Factory Farms Strive For Stealth
And Secrecy

By Bill Berkowitz

In a news cycle dominated by the permanent "war on terrorism" and the crisis in the Middle East, this story is an exception. It comes to you from the Midwest -- Illinois to be exact. It's a story about factory farms and how corporate interests are getting more and more concerned that you may find out how they go about their business.
If corporate lobbyists continue to have their way with the Illinois state legislature, it may become as difficult to find out the skinny on factory farming as it has been to ferret out the truth of the Jenin refugee camp invasion or discover how many innocent civilians have been killed by the U.S. bombing in Afghanistan. The public's right to know is under attack both at home and abroad.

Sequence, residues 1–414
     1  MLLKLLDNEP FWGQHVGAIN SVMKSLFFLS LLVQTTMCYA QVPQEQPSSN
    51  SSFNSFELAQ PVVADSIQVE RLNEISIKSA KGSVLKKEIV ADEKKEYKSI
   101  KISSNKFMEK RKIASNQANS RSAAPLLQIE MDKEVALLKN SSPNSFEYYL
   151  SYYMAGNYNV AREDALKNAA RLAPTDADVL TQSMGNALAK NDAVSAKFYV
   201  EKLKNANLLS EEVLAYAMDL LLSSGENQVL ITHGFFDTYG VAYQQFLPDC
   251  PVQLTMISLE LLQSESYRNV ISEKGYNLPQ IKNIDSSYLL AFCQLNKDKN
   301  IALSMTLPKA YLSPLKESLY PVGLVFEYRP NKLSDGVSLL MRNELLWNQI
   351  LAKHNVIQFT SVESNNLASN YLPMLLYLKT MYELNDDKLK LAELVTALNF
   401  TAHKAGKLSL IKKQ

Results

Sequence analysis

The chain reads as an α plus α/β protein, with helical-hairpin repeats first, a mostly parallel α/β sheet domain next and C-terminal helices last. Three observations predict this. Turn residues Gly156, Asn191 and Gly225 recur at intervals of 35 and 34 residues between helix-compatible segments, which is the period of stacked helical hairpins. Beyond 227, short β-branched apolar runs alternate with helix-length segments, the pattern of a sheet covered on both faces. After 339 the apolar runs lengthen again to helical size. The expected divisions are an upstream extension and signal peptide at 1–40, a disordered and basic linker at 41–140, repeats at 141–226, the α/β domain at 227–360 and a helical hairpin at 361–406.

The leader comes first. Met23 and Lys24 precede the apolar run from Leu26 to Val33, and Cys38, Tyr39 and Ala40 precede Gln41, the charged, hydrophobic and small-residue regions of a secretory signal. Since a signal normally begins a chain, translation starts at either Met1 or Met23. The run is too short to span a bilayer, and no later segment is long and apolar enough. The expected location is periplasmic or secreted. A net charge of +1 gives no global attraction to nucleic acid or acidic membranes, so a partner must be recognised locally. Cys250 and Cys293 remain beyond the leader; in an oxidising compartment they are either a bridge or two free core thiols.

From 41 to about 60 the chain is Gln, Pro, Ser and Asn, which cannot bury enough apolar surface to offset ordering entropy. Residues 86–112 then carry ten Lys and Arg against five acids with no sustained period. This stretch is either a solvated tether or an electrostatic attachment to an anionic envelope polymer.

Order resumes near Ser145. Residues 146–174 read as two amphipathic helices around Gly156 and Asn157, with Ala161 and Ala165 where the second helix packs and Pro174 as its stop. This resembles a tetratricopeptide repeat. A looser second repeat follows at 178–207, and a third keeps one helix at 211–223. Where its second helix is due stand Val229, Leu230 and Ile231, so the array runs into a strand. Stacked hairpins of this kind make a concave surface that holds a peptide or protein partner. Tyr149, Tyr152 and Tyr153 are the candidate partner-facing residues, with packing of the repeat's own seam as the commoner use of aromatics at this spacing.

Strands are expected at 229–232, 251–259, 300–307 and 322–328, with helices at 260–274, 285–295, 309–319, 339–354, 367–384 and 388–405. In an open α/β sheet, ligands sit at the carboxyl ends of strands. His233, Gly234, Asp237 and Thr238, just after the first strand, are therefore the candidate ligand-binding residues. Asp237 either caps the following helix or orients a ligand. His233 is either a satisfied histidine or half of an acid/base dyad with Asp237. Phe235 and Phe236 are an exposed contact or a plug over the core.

Factory farming is a business that often leaves a major mess in its wake. If you are an activist concerned with these issues, you can try lobbying for stricter regulations to protect the "farmed" animals and the environment from contamination. However, owners of these operations do not want the outside world to find out what's going on. A few weeks back, the Illinois House took one step toward that goal, by passing House Bill 5793. By a 118-0 vote, legislators passed a bill making it illegal to photograph or videotape the animals on factory farms without the consent of their owner.